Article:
the semantics will affect decisions about (iv) A given semantic token in the lang-
the syntax. The next two issues ~linear- uage, together with any related syntactic
izing trees and annotating tokens) tokens , always appear in the same place
illustrate this point well. Thus syntax within the arguments; e.g. if we settle
is the servant of semantics, an appro- for Tt+a,b”, we may not use “a+b” as well.
priate relationship since the substance of (This convention is not as strongly motiva-
the message is conveyed with the semantics, ted as (i) -(iii); without it, however, we
variations in syntax being an inessential must be overly restrictive in other areas
trimming added on human-engineering more important than this one.)
If we insist that every semantic token
The idea of lexical semantics is take a fixed number of arguments, and that
implicit in the usual approach to macro it always precede all of its arguments
generation, although the point usually goes (prefix notation) we may unambiguously re-
unmentioned. I suspect many people find cover the tree from the string (and
syntax macros [Leavenworth 1966] similarly for postfix) as is well known.
appealing for reasons related to the above For a variable number cf arguments, the
discussion. LISP solution of having.syntactic tokens
Trees . (parentheses) at the beginning and end
2.2 Conventions for Linearizing
of a subtree’s string will suffice.
We argued at the beginning of section
Many people find neither solution
2 that in order to economize on names the They prefer
particularly easy to read.
programmer resorted to the use of trees.
The precedent is a long history of use of “ ab + cd = 4 sin (a+b) “ to
the same trick in natural language. Of II = ~ * a+b 2 *C +d 2 * 4 sin+ ab “p
necessity (for one-dimensional channels) or to “(= (+ (* a (+ b 2)) (* c (+ d 2)))
the trees are mapped into strings for trans- (* 4 (sin (+ a b)))) “,
mission and decoded at the other end. We although they will settle for
are concerned with both the human and 1! ahb+j + c*d+2 = 4*sin(a+b) “ in
computer engineering aspects of the coding. lieu of the first if necessary. (But
I have recently encountered some LISP users
claiming the reverse, so I may be biased.) The idea is to assign data types to
classes and then to totally order the
An unambiguous compromise is to require classes. An example might be, in ascending
parentheses but move the tokens, as in order, Outcomes (e.g., the pseudo-result of
“print”), Booleans, Graphs (e.g. trees,
This * (d
(c actually ~ 2)))quite = (4 * (sin
is readable. lists. ulexes), Strings. Algebraic [e.g.
if not’ve;y writable, but it ~s-diffi~ul~~o ;’ tnteger;, complex nos~ poly~omials, reai
tell if the parentheses balance, and it arrays) and References (as on the left side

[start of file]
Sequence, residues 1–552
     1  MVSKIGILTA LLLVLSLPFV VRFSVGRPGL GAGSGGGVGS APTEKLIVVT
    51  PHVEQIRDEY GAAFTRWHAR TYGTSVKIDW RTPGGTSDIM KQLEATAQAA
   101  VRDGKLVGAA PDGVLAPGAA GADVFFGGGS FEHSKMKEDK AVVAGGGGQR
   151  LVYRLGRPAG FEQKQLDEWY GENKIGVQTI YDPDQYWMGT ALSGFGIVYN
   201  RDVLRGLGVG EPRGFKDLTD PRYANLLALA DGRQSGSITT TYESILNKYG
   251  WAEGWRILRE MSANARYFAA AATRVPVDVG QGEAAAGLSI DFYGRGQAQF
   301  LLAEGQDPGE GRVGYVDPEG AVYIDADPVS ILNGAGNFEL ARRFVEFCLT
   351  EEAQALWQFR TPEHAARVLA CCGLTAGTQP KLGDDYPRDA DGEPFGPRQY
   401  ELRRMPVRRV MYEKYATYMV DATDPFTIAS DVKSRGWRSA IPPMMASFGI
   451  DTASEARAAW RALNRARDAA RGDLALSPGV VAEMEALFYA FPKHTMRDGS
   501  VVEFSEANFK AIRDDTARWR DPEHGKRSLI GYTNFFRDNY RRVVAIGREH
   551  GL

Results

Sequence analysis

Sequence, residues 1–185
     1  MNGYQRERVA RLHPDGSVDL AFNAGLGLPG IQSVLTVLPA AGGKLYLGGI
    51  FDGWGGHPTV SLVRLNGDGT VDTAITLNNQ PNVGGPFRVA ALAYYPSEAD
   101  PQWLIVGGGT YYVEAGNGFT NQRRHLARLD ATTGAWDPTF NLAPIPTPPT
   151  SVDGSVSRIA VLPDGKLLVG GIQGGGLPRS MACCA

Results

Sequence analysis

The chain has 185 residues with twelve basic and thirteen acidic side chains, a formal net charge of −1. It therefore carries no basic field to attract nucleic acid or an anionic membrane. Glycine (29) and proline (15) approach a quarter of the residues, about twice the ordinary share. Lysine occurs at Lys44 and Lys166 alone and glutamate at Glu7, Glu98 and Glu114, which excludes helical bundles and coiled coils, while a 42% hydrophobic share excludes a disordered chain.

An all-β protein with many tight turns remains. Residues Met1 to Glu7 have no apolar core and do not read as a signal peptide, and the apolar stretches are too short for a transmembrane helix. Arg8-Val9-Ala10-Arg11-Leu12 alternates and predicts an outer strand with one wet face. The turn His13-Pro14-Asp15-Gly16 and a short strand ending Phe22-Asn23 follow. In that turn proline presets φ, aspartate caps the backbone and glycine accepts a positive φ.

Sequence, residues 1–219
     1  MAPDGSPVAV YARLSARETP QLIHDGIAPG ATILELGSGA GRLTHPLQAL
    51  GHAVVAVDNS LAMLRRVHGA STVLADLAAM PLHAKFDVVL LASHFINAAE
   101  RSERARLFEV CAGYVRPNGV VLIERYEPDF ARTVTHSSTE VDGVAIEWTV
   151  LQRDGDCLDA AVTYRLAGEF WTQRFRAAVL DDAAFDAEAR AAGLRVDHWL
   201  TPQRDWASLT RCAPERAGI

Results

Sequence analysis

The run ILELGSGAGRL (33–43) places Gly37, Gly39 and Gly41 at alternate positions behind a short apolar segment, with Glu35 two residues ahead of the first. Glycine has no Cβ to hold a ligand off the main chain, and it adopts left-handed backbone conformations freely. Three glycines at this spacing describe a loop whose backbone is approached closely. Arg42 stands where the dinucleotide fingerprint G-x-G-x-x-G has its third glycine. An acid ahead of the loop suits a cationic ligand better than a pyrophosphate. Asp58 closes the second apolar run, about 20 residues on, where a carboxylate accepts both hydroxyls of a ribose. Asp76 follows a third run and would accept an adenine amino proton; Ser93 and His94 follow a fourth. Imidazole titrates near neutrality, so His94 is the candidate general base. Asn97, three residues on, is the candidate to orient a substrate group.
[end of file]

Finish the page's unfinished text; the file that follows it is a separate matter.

nearly doubles the number of symbols. Thu S of an assignment.) We write
we seem forced inescapably into having to Strings c References , etc.
solve the problem that operator precedence
was designed for, namely the association We now insist that the class of the
problem. Given a substring AEB where A takes type at any argument that might participate
a right argument, B a left, and E is an in an association problem not be less than
expression, does E associate with A or B? the class of the data type of the result of
the function taking that argument. This
A simple convention would be to say E rule applies to coercions as well. Thu S
always associates to the left. However, in we may use “<” since its argument types
“print a + b“, it is clear that a is meant (Algebraic) are each greater than its
to associate with “+”, not “print”. The result type (Boolean.) We may not write
reason is that “(print a) + b“ does not “length XI’ (where x is a string or a graph)
make any conventional sense, “print” being since the argument type is less than the
a procedure not normally returning an result type. However, “ lx] ““ would be an
arithmetic value. The choice of “print acceptable substitute for ‘Tlength x“ as its
(a + b)” was made by taking into account argument cannot participate in an associa-
the data types of “print’”s right argument, tion problem.
“+’”s left argument, and the types returned
by each. Thus the association is a function Finally, we adopt the convention that
of these four types (call them aA,rA,aB,rB when all four data types in an association
are in the same class, the association is
for the argument and result respectively of A
to the left.
and B) that also takes into account the
legal coercions (implicit type conversions)
These restrictions on the language,
Of course, sometimes both associations
while slightly irksome, are certainly not
make sense,and sometimes neither. Also
as demanding as the LISP restriction that
or r ~ may depend on the type of E,
‘A every expression have parentheses around it.
further complicating matters. Thus the following theorem should be a little
One way to resolve the issue is simply to surprising, since it implies that the
announce the outcome in advance for each programmer never need learn any associations!
pair A and B, basing the choices on some
reasonable heuristics. Floyd 
suggested this approach, called operator Theorem 1. Given the above restrictions,
precedence. The outcome was stored in a every association problem has at most one
table. Floyd also suggested a way of en- solution consistent with the data types of
coding this table that would work in a the associated operators.
small number of cases, namely that a number
should be associated with each argument Proof. Let . ..AEB. . . be such a problem,